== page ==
Effective Advocacy: Niagara Pet Corner and PIJAC Canada | By Ed Sayres, PIJAC Pres. & CEO

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Effective Advocacy: Niagara Pet Corner and PIJAC Canada

By Ed Sayres

In late November, the city council in Welland, a small city in southern Ontario not far from Niagara Falls, approved a bylaw to regulate pet stores in the city that sell dogs, cats and rabbits.

City residents, in a well-intentioned effort to address the problem of unscrupulous breeders, sent a petition to the city council last spring asking for a ban on the sale of puppies and kittens at pet shops. While the council considered a ban, ultimately it opted instead to regulate pet stores.

Barry Lutzer, the longtime owner of Niagara Pet Corner, is pleased with how it turned out – particularly because the new regulatory requirements are in line with his existing practices. Niagara Pet Corner is the only pet store in Welland that offers pets to the community.

We applaud Welland for choosing not to adopt an outright ban and see this case as a roadmap for effective advocacy that reminds us of some important lessons:

  • Mr. Lutzer was proactive. To get out in front of the issue, he contacted PIJAC Canada, a national organization representing the Canadian pet industry, earlier this year to discuss the potential bylaw change and develop a strategy for building relationships and sharing information with all of the parties involved.
  • The team at PIJAC Canada provided him with the guidance and information he needed and reached out to city officials to offer resources and connect them with other municipalities that have dealt with this issue.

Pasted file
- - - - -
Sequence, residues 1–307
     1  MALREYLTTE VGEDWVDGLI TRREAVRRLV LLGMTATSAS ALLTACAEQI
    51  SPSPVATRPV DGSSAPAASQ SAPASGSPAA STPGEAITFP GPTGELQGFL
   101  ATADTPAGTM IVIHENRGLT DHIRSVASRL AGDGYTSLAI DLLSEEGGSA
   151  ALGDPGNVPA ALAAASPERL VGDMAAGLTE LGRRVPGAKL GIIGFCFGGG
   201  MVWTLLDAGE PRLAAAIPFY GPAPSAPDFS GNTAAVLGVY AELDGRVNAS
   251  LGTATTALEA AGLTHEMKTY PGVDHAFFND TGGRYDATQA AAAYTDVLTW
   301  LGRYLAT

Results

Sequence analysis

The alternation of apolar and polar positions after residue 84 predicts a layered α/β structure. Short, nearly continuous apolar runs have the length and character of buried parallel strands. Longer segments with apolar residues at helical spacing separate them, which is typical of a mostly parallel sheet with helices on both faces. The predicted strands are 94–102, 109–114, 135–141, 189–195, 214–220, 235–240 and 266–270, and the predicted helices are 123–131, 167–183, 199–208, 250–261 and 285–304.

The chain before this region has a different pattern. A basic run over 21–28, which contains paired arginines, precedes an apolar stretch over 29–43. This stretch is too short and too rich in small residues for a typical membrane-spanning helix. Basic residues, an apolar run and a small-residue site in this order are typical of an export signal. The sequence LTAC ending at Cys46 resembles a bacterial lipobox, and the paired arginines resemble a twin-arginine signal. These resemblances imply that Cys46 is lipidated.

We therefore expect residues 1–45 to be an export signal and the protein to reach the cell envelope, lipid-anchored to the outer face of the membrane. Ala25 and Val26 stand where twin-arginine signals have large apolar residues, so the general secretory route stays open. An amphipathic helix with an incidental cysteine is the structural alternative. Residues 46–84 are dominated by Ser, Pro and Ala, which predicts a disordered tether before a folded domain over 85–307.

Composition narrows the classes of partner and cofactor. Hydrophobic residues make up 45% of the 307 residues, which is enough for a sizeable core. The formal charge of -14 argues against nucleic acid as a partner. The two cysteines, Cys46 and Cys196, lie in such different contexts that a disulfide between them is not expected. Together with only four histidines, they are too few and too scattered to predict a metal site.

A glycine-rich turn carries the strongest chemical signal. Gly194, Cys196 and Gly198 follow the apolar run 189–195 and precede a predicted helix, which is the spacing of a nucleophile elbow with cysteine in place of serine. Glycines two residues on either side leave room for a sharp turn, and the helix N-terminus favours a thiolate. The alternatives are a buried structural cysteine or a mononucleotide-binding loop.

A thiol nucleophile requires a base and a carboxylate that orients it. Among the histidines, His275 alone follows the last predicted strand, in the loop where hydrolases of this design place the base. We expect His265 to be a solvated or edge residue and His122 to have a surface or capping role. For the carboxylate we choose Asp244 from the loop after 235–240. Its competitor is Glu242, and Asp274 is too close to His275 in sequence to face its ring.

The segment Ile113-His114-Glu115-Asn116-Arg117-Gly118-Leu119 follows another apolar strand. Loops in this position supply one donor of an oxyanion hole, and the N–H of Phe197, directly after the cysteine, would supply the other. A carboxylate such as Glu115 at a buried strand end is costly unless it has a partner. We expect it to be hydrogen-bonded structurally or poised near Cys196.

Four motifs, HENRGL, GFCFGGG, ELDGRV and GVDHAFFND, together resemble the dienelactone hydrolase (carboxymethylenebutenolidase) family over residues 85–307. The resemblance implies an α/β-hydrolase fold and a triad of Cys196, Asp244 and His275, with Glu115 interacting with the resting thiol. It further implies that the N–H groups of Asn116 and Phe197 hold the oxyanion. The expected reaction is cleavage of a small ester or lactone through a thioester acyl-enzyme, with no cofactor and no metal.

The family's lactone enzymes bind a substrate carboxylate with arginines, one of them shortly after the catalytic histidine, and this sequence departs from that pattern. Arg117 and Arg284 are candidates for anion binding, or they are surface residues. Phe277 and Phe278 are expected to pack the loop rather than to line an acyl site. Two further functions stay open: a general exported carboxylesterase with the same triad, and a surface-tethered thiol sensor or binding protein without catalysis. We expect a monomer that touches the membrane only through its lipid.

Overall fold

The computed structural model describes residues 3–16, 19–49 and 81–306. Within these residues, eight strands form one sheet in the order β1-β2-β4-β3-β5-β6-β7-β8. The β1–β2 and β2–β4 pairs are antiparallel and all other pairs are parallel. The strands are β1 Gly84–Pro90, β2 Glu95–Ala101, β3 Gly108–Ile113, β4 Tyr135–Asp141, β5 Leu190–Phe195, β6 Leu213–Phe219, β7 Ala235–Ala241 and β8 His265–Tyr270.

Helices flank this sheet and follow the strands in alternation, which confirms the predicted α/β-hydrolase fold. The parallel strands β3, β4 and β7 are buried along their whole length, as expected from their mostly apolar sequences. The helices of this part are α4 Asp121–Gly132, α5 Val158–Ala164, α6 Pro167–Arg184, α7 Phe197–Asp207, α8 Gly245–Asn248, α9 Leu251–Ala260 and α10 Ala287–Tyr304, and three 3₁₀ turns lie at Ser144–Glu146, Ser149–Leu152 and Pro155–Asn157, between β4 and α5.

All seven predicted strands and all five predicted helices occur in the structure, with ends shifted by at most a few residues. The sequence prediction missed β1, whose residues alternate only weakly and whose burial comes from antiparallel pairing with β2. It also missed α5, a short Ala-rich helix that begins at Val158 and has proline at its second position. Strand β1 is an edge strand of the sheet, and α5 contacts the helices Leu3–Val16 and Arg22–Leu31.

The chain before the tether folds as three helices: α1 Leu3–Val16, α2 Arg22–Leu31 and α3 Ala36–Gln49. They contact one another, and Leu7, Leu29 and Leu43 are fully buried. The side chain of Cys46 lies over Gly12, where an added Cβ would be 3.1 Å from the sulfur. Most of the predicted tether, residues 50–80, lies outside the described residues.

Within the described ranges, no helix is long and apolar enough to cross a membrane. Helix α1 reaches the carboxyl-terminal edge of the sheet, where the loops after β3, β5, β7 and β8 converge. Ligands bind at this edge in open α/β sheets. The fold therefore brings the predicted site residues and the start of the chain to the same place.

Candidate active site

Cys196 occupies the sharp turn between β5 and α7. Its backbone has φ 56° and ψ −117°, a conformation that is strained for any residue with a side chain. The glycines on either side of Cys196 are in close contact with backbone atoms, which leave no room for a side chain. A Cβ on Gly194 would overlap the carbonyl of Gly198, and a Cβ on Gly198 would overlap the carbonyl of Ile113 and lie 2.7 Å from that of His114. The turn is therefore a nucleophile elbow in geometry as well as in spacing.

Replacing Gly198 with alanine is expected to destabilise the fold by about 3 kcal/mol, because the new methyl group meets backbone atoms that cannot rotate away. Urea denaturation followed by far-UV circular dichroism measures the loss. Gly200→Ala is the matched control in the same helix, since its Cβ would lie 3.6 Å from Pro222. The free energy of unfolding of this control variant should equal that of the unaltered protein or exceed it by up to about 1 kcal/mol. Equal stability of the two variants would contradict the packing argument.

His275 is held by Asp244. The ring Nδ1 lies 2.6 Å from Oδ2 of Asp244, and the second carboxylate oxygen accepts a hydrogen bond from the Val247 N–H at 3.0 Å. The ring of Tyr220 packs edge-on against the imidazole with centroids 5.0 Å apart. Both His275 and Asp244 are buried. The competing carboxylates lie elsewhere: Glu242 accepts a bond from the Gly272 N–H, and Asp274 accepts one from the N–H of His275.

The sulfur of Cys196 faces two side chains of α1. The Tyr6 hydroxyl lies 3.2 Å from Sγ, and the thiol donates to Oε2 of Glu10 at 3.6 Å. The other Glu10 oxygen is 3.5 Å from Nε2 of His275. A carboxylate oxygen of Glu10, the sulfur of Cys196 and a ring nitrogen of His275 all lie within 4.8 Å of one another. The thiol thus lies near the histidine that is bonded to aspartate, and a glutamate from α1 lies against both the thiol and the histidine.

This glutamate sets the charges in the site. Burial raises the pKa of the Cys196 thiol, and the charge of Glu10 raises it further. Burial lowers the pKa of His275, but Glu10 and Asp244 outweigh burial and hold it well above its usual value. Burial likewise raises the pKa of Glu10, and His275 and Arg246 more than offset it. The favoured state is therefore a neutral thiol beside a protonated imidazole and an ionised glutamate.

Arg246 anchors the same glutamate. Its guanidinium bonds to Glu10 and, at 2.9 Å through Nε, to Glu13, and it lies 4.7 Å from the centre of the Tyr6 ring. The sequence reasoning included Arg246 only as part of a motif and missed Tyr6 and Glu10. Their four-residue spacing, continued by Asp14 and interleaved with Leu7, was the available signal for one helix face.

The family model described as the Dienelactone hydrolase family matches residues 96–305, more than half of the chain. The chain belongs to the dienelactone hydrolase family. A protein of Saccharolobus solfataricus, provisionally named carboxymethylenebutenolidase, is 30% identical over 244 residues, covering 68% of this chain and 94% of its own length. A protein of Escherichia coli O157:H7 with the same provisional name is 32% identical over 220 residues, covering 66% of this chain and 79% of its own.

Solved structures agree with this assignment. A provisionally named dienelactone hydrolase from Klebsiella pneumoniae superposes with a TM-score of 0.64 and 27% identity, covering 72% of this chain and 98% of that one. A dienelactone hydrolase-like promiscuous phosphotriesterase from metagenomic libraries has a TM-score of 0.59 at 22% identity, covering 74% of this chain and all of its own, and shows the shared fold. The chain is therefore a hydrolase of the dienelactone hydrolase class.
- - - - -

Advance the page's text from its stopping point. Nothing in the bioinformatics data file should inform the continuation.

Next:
• In preparing for the city council to take up the issue, Mr. Lutzer engaged directly with his customers and enlisted their support. As a result, he was able to present the council with a petition signed by 750 of his customers asking the city not to impose the ban.
  • During the city council hearing, Mr. Lutzer was transparent about where he acquires his animals, how he cares for them and why he is a reputable, accountable source for pets.
  • Mr. Lutzer focused on what the facts tell us. He argued convincingly that, given that most of his puppies come from a single source, a ban would do nothing to significantly impact other, unscrupulous breeders – its intended target. He explained that over the last three years he has not had one complaint about puppy health issues that typically point to bad breeding practices. He also pointed out that, because his store sells only 10% of the city’s dogs and cats, a ban would not address pet overpopulation.
  • PIJAC Canada brought on-the-ground support and expertise. Keith Burgess, Chairman of PIJAC Canada, spoke during the hearing, making the case that the proposed ban was not an effective way to address any irresponsible breeders to whom the city might be trying to “send a message.”
  • Mr. Lutzer had at his side Dr. Donna Campbell, the veterinarian who has been examining his animals for a decade, as an expert reference. During the hearing, Dr. Campbell endorsed Niagara Pet Corner’s longtime animal care practices.
  • Mr. Lutzer engaged animal welfare agencies. While initially in favor of a full ban on the sale of puppies, Welland SPCA enforcement officer Amanda Ellis said that thorough research had found that a regulatory bylaw would be preferable.

Transparency, conversation and collaboration won the day, with everyone involved in the process making a meaningful contribution to reaching a compromise.

We can find similar examples here at home, as well.  Taking the time necessary to make the facts clear and working together with elected officials has kept pet store sales bans from being enacted in Naperville, Illinois and Nassau County, New York and has encouraged Arlington Heights, Illinois, to consider opting out of a de facto pet sales ban in Cook County.

Importantly, the data the Naperville City Council considered, in deciding to put off any decision about a ban until at least June 1, 2015, included an informal poll conducted last fall by the local newspaper in which nearly half of the 7,098 respondents said that stores should be permitted to sell any pets they choose, provided the animals are healthy and well cared for.

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